Supreme Court Temporarily Blocks Contraception Mandate for Some Catholic Groups

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Supreme Court Temporarily Blocks Contraception Mandate for Some Catholic Groups

Jessica Mason Pieklo

In a narrow New Year's Eve ruling, Justice Sonia Sotomayor blocked the contraception mandate from applying to a group of Catholic employers, while the Supreme Court considers taking up whether the accommodation for religiously affiliated employers goes far enough.

On Tuesday, just hours before the birth control benefit in the Affordable Care Act was set to take effect, Supreme Court Justice Sonia Sotomayor granted an injunction and temporarily blocked the requirement from applying to a handful of Catholic nonprofit businesses. The ruling applies only to the parties in the case and does not affect the contraception benefit as a whole, but it does raise questions as to whether the Roberts Court is interested in looking at the contraception mandate, and all its exemptions, as a whole later this spring.

The injunction was issued in the case of Little Sisters of the Poor, a Catholic religious order that operates assisted living facilities. The suit, first filed in September, seeks class-action status on behalf of hundreds of Catholic nonprofits, and challenges the accommodation to the law’s requirement that employers provide insurance coverage for contraception. Under the Affordable Care Act, as of January 1 all employer-provided insurance plans are required to provide insurance coverage for contraception, with the exception of houses of worship and other organizations that are primarily religious in purpose. Another exemption exists for religiously affiliated nonprofits like hospitals and universities. Under the law, those organizations don’t have to offer contraception coverage, but they must complete a form so that their employees can access contraception coverage directly. According to the Little Sisters of the Poor and the other nonprofits that have sued to block the accommodation, the law’s requirement that some religiously affiliated employers sign a form by which they can opt out of the benefit under an accommodation the Department of Health and Human Services developed last year violates their religious liberties.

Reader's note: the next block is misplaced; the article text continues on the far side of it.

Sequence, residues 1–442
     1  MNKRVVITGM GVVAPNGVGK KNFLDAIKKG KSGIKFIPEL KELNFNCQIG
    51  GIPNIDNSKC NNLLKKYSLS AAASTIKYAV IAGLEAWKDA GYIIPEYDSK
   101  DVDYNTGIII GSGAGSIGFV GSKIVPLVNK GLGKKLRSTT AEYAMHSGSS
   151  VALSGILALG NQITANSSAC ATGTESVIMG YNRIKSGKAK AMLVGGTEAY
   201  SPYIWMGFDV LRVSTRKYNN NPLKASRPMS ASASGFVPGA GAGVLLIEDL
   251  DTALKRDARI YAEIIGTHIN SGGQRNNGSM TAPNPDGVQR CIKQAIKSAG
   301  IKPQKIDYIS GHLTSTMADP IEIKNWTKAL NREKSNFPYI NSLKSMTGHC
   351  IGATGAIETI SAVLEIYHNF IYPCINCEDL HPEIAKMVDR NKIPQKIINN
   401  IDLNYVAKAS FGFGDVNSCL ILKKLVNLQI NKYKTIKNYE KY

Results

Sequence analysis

The order temporarily blocking the requirement gives the Obama administration until Friday to file its response. Once the administration has responded, Justice Sotomayor will reconsider the injunction herself or refer the matter to the entire Supreme Court for consideration. (Sotomayor is overseeing the case because she is the justice assigned to the federal circuit where the lawsuit was first filed.)

“The Affordable Care Act ensures that women can access birth control without co-pays no matter where they work, just like any other kind of preventive care,” said Cecile Richards, president of the Planned Parenthood Federation of America, in a statement. “Religiously affiliated organizations, including the two that filed this emergency appeal at the Supreme Court, are already able to get an exemption so that they aren’t paying for or administrating coverage of birth control if it violates their religious mission. This exemption ensures that women can get access to affordable birth control no matter where their work, while also addressing the concerns of religiously affiliated organizations.”

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The New Year’s Eve ruling came after a flurry of rulings from federal appellate courts on the accommodation, including a unanimous ruling from the Seventh Circuit denying an injunction in Notre Dame’s challenge to the accommodation, and a ruling from the Sixth Circuit in which a divided panel upheld the grant of an injunction in a case brought by the Catholic Diocese of Nashville and a handful of other Catholic plaintiffs. The D.C. Circuit Court of Appeals also granted an injunction in the Priests for Life case. In all, 45 religiously affiliated nonprofits have filed lawsuits in federal court arguing that filling out the form to allow their employees to access birth control is a substantial burden on their religious liberties.

Along with the Little Sisters of the Poor case, the Supreme Court received at least three other emergency filings Tuesday from Catholic groups seeking to avoid complying with the law. No orders in those requests have yet been issued.